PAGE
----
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“The Secret Life of Walter Mitty” and its local connections

Author James Thurber hailed from Columbus

The current Ben Stiller movie, “The Secret Life of Walter Mitty,” has a strong connection to our area.

The film, directed by and starring Stiller, is based on a famous short story written by humorist James Thurber that was first published in The New Yorker magazine in 1939. Originally adapted for film in 1947, it’s the tale of the adventures of a daydreamer who escapes his everyday life by going on all sorts of imaginary adventures.

Columbus Connections & The Thurber House

Thurber was a Columbus native who attended The Ohio State University and once worked as a reporter for the Columbus Dispatch. He eventually moved to New York and achieved fame as a cartoonist and writer.

There’s no better place to learn more about the famous humorist and the art of writing than at the Thurber House, a living museum that’s located near downtown Columbus and touts itself as a place “where laughter, learning and literature meet.”

“The mission of Thurber House is to celebrate the written word for the education and entertainment of the broadest possible audience, and to continue the legacy of James Thurber,”explains creative director Susanne Jaffe. “Thurber House celebrates its 30th anniversary as a non-profit literary center in 2014. It’s housed in one of Thurber’s family homes and is also a living museum that is on the National Register of Historic Landmarks.”

In addition to providing a chance to tour the famous author’s home, Thurber House offers a wide range of creative programming. The museum and center also host an annual gala that mark’s Thurber’s birthday in December; this year’s special guest was Calvin Trillin, who won the 2012 Thurber Prize.

Jaffe says there’s no typical visit to the House that’s free and open daily to the public.

“We have people from every state, plus some from overseas; children’s groups; senior citizens—very varied,” she notes. ” Our programming is unique — we have the only recognition of humor writing in the country with the Thurber Prize for American Humor.”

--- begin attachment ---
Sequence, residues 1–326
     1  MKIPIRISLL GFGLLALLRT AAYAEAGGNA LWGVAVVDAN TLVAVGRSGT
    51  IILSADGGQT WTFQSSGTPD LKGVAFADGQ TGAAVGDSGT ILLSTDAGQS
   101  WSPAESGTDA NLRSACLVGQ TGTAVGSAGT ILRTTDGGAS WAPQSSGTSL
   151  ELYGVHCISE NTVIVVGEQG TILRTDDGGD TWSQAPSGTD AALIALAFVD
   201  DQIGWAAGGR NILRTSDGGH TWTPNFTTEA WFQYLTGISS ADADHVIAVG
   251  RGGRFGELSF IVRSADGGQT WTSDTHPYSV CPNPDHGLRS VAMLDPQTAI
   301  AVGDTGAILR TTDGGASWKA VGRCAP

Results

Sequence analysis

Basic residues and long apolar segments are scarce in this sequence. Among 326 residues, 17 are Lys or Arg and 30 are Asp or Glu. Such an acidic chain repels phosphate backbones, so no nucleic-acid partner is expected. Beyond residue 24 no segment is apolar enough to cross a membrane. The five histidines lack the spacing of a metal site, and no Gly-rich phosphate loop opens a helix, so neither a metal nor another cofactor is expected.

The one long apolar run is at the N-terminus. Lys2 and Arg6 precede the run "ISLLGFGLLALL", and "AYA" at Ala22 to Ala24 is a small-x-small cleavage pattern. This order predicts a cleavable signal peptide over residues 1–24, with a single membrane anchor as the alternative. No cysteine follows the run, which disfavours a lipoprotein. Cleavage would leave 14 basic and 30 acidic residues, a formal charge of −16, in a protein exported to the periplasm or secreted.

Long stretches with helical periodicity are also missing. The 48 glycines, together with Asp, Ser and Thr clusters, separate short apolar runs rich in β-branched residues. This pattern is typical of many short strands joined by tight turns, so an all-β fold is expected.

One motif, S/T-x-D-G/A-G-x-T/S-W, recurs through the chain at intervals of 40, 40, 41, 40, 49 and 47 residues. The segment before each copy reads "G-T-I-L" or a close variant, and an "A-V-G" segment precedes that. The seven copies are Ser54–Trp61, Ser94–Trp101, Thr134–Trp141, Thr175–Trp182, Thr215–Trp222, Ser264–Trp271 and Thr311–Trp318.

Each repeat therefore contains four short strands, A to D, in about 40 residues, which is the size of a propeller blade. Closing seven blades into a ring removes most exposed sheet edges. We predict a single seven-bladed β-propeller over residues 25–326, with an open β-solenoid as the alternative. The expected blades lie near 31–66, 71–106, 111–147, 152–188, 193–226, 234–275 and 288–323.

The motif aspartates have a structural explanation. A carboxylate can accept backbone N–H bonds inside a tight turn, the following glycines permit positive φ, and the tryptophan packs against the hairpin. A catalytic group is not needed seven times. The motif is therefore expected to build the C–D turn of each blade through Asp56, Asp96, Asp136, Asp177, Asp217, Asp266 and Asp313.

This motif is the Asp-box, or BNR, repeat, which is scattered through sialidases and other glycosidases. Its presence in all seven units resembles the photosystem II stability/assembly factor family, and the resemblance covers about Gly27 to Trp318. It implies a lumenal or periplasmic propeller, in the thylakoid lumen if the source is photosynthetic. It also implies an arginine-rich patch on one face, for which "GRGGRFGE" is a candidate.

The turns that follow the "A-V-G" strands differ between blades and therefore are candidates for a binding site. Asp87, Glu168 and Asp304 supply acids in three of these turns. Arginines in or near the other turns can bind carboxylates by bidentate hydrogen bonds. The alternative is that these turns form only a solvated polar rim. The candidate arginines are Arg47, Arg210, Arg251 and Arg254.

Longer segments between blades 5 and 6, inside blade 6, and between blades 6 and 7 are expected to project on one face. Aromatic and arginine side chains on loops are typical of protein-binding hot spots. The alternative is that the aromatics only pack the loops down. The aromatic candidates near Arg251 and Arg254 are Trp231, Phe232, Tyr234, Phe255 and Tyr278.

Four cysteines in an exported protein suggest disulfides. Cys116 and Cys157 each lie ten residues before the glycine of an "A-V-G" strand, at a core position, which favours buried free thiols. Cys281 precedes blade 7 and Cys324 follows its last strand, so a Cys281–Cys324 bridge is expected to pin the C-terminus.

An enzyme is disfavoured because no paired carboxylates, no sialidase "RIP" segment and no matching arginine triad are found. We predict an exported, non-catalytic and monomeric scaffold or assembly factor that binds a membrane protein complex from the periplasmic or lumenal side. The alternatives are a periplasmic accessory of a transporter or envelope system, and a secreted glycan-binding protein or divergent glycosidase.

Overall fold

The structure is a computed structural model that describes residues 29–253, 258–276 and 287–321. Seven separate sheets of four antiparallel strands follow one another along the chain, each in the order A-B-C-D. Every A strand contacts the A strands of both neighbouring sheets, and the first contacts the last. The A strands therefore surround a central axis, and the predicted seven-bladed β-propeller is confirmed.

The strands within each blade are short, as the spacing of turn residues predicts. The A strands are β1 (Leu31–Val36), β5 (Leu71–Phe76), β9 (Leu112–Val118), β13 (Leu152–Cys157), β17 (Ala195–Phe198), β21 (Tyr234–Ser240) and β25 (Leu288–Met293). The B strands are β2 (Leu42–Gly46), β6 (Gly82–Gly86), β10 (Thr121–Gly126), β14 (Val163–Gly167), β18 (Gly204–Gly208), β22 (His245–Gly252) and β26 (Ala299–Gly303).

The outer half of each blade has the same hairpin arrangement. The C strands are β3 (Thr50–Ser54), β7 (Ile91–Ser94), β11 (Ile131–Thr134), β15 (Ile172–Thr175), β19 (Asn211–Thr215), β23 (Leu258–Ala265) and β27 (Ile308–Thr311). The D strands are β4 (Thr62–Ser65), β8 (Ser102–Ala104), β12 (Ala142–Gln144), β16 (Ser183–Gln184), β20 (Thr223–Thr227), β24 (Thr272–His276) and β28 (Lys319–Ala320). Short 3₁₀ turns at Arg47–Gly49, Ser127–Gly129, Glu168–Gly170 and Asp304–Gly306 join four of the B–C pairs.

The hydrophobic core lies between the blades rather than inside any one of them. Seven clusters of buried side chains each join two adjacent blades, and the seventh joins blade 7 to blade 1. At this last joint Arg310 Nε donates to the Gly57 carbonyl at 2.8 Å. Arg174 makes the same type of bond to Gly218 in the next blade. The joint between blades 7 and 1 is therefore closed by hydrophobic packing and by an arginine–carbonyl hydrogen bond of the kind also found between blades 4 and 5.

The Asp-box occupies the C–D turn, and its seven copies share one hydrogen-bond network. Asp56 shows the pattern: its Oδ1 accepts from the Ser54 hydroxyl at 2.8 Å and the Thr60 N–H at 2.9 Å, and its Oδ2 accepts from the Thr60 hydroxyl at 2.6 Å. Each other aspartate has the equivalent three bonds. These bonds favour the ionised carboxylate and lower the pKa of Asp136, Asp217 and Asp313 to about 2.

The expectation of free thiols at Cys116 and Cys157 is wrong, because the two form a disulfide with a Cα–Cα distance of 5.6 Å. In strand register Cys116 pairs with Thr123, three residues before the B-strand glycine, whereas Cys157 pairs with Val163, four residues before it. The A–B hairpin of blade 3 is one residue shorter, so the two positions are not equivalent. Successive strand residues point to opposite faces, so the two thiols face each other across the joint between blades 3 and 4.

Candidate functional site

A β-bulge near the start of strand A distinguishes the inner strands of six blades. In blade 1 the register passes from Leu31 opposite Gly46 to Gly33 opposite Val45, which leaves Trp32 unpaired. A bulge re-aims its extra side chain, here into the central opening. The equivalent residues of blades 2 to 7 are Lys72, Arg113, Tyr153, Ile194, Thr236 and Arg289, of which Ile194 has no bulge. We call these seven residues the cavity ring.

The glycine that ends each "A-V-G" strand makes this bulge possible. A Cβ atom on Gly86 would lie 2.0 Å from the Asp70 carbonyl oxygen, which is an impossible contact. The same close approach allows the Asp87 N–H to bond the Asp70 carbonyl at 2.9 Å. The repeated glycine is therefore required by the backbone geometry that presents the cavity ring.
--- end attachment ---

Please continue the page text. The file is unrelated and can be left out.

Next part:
The Evenings with Authors series brings nationally-known writers of all genres to town. Summer Literary Picnics celebrate Ohio authors.

“Our children’s programs cover pre-school through high school, and include a Summer Writing Camp, Young Writers’ Studio for teens who also put together their own journal called Flip the Page, free library writing workshops each fall and spring, and much more,” Jaffee says. “We have a month-long residency for an adult author and one for a children’s author.”

A Dayton connection

The writer residency offers the chosen writer the unique opportunity to live in the Thurber House third floor apartment. The residency also includes teaching opportunities, and the chance for authors to devote time to their work.

This year’s John E. Nance Writer-in-Residence for fiction was Daytonian Katrina Kittle, author of “The Blessings of the Animals,” “Traveling Light,” “The Kindness of Strangers,” and “Two Truths and a Life.”

Kittle has been a James Thurber fan since high school when she first read “The Secret Life of Walter Mitty.”

“And then I read “My Life and Hard Times” and loved his humor, “ she says. “I was thrilled to find a play version called ‘Jabberwocky’ which I’ve had great fun directing, once at Centerville High School and once at The Miami Valley School. People continue to connect to him.”

Surreal experience

Kittle, who was selected from a large pool of submissions from throughout the country, says the gift of uninterrupted time is just one of the thousand ways the House supports and encourages writers.

She especially remembers a night during her residency when she and some Thurber House staff members went to see a movie and saw a trailer for “The Secret Life of Walter Mitty.”

“It was such a surreal experience, seeing that trailer, seeing how Thurber’s influence goes on in yet another remake of his most famous story,” Kittle relates. “While I was living in his childhood home! It felt really special and significant, especially seeing such big name A-list actors in it, and the idea that they were still interested in this material, much less believing that audiences were still interested in the material.

” I had the opportunity to guest teach a class for their Young Writers’ Studio and was blown away by the quality of feedback these high schoolers were giving each other, work-shopping pieces of poetry — all skills they’ve learned and developed there at Thurber House,” she says. “I also taught a sold-out adult class of writers-some published, some not-who were so professional and talented.”

Kittle says she was permitted to bring her cat along for the residency.

“Joey got to roam the halls during lunch most days, but the rest of the time was in the attic apartment with me,” she said. “They’re all animal lovers, which seems fitting, since the Thurbers loved their dogs so much!”

Concludes Kittle about Thurber House: “It’s kind of this magical place if you love books and writing!”

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